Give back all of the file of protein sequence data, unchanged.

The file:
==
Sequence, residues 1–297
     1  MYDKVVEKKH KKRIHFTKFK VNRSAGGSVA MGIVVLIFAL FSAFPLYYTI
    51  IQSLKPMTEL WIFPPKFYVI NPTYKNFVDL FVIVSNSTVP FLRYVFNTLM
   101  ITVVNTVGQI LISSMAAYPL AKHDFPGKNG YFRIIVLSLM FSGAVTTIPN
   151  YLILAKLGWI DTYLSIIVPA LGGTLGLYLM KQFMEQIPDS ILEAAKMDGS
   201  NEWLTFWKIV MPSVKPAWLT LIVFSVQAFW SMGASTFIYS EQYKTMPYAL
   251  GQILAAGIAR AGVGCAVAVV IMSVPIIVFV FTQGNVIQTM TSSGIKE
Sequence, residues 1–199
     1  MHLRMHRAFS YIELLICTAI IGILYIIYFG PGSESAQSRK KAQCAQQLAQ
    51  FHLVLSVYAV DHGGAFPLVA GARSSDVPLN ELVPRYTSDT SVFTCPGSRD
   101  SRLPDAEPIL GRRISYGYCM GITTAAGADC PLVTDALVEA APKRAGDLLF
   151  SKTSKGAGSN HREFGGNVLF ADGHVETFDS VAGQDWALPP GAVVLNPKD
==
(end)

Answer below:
Sequence, residues 1–297
     1  MYDKVVEKKH KKRIHFTKFK VNRSAGGSVA MGIVVLIFAL FSAFPLYYTI
    51  IQSLKPMTEL WIFPPKFYVI NPTYKNFVDL FVIVSNSTVP FLRYVFNTLM
   101  ITVVNTVGQI LISSMAAYPL AKHDFPGKNG YFRIIVLSLM FSGAVTTIPN
   151  YLILAKLGWI DTYLSIIVPA LGGTLGLYLM KQFMEQIPDS ILEAAKMDGS
   201  NEWLTFWKIV MPSVKPAWLT LIVFSVQAFW SMGASTFIYS EQYKTMPYAL
   251  GQILAAGIAR AGVGCAVAVV IMSVPIIVFV FTQGNVIQTM TSSGIKE
Sequence, residues 1–199
     1  MHLRMHRAFS YIELLICTAI IGILYIIYFG PGSESAQSRK KAQCAQQLAQ
    51  FHLVLSVYAV DHGGAFPLVA GARSSDVPLN ELVPRYTSDT SVFTCPGSRD
   101  SRLPDAEPIL GRRISYGYCM GITTAAGADC PLVTDALVEA APKRAGDLLF
   151  SKTSKGAGSN HREFGGNVLF ADGHVETFDS VAGQDWALPP GAVVLNPKD